Paraphrase Meanings and Conclusions
Have you ever been asked to paraphrase something? It can be tricky, especially if you’ve never done it before. Paraphrasing is a valuable academic skill, and yet may people weren’t taught how to do it correctly.
That’s why we have put together a guide for you that will help you understand and use paraphrasing correctly and ensure you won’t become one of those people in plagiarism jokes and memes.
The Meaning of Paraphrasing
What is paraphrasing? In brief, paraphrasing is when you take someone else’s words and filter them through your own brain to change the words used. Or: Paraphrasing is the art of rephrasing a piece of writing using your own words.
As you can see, the second sentence is a paraphrase of the first! The two mean essentially the same thing, and yet they use totally different phrasing. That’s what paraphrasing is.
So now that you know of this skill and its meaning, why do you need it? Well, because you can’t always quote someone directly. For instance, when you’re citing a paper, sometimes you don’t want to work a specific quote in. In those circumstances, you might paraphrase the point you’re using. Likewise, sometimes you’re not in a position to be able to quote directly. If you can’t remember precisely what was said, paraphrasing is a good way to keep the essential meaning and yet still not have to use the exact same words. Paraphrasing can also help you avoid plagiarism. If you’ve been asked to give a description of someone’s argument, you’ll have to paraphrase it. Otherwise, you’ll just be using their words over again, which is both unhelpful and technically plagiarism.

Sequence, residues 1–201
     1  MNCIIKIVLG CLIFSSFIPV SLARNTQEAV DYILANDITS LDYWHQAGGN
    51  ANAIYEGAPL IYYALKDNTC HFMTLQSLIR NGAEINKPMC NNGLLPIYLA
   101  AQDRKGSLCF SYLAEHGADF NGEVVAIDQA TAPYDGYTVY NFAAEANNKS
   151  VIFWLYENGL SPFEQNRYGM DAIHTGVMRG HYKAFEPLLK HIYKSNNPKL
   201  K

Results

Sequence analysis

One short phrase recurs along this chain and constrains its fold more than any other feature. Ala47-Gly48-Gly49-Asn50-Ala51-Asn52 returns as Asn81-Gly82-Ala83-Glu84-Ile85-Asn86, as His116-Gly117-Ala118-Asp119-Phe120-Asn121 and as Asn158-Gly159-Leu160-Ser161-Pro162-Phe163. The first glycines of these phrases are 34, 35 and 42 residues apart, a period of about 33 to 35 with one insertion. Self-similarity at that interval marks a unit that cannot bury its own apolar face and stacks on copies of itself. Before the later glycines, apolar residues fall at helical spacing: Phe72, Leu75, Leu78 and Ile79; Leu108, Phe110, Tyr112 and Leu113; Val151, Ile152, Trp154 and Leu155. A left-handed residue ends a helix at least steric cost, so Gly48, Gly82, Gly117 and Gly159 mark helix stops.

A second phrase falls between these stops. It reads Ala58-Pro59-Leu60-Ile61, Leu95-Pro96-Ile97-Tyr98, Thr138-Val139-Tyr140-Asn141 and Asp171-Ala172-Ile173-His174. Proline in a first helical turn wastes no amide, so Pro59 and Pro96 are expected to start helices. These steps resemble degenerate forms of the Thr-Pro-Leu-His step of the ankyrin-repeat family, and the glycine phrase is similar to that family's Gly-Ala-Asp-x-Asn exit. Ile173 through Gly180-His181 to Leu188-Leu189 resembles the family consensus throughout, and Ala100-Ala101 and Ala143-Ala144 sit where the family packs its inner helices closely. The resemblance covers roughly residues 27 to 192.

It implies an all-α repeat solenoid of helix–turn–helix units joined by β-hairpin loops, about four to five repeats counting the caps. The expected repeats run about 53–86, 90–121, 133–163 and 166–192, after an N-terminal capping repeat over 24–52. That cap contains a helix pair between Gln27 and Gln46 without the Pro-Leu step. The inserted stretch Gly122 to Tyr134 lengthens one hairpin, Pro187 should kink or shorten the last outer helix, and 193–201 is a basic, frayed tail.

Finally, paraphrasing can give you a more complete understanding of someone’s argument. You have to have a complete grasp of what they’re saying in order to paraphrasing. So, finding new words for something can help you take it apart and see the inside of it. Then you’ll put it back together and have a complete grasp.
The Dos and Don’ts of Paraphrasing
So how can you get started with paraphrasing? We have a list of three do’s and three don’ts that you should follow for paraphrasing success.
- Use synonyms: did your author say “hot”? You can say “warm”. Did your author say “appalling”? You can say “awful”. Use a thesaurus if you’re not quite sure what word to use. As you practice it’ll get easier.
- Use compensatory strategies: when you’re lost for a synonym, you can use what’s called a compensatory strategy. Take “This study was dull” and turn it into “this study was not very interesting”.
- Change the sentence structure: “It was a cold morning” can become “On this morning, the weather was rather chilly”. Change the placement of the sentence sections – mention things in a different order. When combined with the above two strategies, the paraphrased sentence will look totally different but have the same meaning.
- Leave anything out: when you’re paraphrasing, unlike when you’re summarizing, it’s crucial to include everything in the original piece. No matter how inessential you think something is, it’s got to stay.
- Include your own opinion: paraphrasing is only rephrasing what was said. You aren’t allowed to insert your own opinion on the thing that’s being discussed.
- Change the meaning: when you’re paraphrasing, you cannot remove, insert, or change anything about the meaning. Think of it like Legos. You can take the blocks apart and put them back together a different way, but you can’t leave any out, put new ones in, or repaint the existing ones to look different.
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Learn How to Paraphrase
The best way to learn these skills is to practice. Take something you enjoy reading, or even something you’ve heard like a song or a television script, and rephrase it sentence by sentence by sentence. You’ll soon become an experienced paraphraser. You’ll be able to use the skill in many areas of your life. Set yourself up for success with paraphrasing practice.